One of the country’s top economists is calling bullsh*t on the supply-price narrative. BMO chief economist Douglas Porter sent a client note disputing an inventory shortage. He thinks it’s important to “crush” two myths about Greater Toronto’s blowout home sales in March. Let’s dive into that take.
Myth 1: Last March Sales Were Distorted By The Pandemic
Greater Toronto home sales had a rocketship strapped to them, and many are dismissing it as a data skew. The assumption is the pandemic slowed home sales activity in March 2020. A low number in March 2020, would mean the 12.3% year-over-year increase appears stronger than it is. Porter wants people to understand that is definitely not the case.
Last year things were very busy for a month where a pandemic was breaking out. He said, “sales and new listings were surprisingly normal in March 2020 (before falling off a cliff in April). Activity in the latest month was incredibly strong by any metric.”
In fact, the sales in March 2020 were some of the strongest on record. “Sales were higher than any prior month, topping the previous record high in May 2016 by 21%. Listings were the second-highest for any month, behind only May 2017.” For context, May 2017 was the month after Ontario implemented a non-resident home sale tax.
Greater Toronto Home Sales To New Listings
The number of new listings, compared to home sales.Source: TRREB; Better Dwelling.
Myth 2: Home Prices Are Increasing Due To A Lack of Supply
High home prices are being attributed by many as a result of a shortage of supply. After all, supply and demand is the primary creator of prices, right? If you want home prices to fall, supply just needs to rise above the level of demand. Everyone who’s taken Econ 101 feels the need to constantly explain this for some reason.
“How to put this politely? WRONG,” says the noted economist that probably doesn’t need you to remind him of what you learned in Econ 101. He found new listings for homes in Greater Toronto are actually much higher than usual. “New listings in the past six months have been running 30% above year-ago levels (ie the pre-pandemic pace).”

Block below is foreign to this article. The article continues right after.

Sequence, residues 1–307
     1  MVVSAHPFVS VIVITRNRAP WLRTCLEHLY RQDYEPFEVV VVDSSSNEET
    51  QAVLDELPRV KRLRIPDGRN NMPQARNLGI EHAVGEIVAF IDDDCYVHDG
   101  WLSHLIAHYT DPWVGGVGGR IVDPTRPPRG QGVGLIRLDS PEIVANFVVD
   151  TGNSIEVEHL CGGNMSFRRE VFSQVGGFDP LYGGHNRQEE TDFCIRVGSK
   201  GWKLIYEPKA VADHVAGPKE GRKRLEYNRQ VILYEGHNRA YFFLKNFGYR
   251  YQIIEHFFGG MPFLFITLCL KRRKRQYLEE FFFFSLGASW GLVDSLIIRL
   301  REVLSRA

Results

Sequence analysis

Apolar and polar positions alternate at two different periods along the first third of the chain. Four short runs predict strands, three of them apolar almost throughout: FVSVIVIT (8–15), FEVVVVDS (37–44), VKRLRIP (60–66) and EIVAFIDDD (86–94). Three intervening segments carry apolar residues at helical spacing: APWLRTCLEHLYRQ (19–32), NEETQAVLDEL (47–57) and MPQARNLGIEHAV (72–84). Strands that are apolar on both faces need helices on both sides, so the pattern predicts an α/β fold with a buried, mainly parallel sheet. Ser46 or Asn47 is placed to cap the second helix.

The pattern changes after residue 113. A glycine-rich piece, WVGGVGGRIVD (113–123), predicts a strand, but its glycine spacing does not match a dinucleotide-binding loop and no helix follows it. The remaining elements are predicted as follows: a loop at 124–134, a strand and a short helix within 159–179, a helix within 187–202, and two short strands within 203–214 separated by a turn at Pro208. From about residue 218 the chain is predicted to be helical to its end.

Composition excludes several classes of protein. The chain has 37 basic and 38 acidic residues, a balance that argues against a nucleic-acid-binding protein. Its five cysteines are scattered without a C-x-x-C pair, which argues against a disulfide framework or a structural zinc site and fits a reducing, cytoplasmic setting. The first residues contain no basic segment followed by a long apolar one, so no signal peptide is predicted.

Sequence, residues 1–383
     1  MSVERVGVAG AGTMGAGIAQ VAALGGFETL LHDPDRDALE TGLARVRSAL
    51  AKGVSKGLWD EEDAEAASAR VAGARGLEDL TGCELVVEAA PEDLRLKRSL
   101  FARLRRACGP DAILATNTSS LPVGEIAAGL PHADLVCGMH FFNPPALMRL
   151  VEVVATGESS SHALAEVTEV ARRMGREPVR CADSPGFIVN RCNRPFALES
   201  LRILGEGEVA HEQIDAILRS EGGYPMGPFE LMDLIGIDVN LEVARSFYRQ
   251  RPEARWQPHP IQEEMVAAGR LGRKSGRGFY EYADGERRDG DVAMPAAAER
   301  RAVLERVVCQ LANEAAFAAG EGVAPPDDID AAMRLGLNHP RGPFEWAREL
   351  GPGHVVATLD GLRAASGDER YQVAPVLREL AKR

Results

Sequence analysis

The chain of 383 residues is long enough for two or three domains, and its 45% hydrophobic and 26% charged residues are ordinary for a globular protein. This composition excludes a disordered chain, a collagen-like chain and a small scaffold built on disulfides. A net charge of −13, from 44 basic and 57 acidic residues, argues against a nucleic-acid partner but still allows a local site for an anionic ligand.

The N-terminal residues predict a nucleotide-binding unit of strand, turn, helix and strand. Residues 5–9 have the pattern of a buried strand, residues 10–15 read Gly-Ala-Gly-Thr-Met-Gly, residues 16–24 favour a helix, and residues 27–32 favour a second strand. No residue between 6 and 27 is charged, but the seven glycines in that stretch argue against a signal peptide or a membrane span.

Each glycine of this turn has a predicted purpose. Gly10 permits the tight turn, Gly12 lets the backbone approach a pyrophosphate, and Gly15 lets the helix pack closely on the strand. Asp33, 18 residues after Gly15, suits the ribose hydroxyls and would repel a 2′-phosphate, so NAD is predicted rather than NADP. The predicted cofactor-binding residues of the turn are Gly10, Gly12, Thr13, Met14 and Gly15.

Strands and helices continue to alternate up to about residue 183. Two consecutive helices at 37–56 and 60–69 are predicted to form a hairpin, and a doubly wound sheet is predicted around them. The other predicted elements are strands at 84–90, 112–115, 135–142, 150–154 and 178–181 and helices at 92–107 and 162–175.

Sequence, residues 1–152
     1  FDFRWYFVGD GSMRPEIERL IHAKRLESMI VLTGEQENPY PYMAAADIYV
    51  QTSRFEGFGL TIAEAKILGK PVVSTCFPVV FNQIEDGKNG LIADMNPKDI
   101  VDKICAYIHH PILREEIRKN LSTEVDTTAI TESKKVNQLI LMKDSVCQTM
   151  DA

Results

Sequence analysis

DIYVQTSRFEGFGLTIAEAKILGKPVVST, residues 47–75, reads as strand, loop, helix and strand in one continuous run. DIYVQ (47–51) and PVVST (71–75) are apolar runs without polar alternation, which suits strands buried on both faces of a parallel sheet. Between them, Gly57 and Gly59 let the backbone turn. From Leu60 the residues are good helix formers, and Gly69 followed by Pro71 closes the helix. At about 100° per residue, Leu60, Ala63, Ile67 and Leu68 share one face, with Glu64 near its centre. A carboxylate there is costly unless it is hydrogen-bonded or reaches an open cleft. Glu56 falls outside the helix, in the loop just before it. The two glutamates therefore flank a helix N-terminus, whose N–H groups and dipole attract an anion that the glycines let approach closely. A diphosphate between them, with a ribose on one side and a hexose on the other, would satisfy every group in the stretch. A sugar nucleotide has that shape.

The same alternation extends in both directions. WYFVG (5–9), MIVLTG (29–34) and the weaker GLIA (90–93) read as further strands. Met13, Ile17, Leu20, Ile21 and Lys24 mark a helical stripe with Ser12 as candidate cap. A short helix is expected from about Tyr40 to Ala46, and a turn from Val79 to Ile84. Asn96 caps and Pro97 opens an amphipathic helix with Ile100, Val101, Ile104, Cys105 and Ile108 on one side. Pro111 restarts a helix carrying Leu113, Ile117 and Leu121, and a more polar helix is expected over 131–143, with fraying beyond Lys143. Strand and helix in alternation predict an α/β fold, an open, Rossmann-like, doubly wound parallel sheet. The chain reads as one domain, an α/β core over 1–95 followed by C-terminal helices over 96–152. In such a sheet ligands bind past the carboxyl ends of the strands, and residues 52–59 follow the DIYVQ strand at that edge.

Supply and demand-driven price growth only works with rational players. Currently, market mechanics are broken due to panic-driven purchasing. Fear is not a fundamental. “The only way in which supply is weak is in comparison to white-hot demand,” says Porter.
Before the complaints about Porter being anti-supply, he’s been very pro-supply. He has been banging on the supply drum for the past decade, especially in Greater Toronto. He has on many occasions said real estate price growth has been driven by a supply shortage. This time is different.
The economist is joining others in saying this is exuberance driven. In an exuberant market, it doesn’t matter how much supply appears. It will be crushed by the fear of missing out on price gains or being locked out of the market. This is a panic-driven hoarding spree, started by the Bank of Canada. It’s more like toilet-paper hoarding than it is an issue of a supply shortage.
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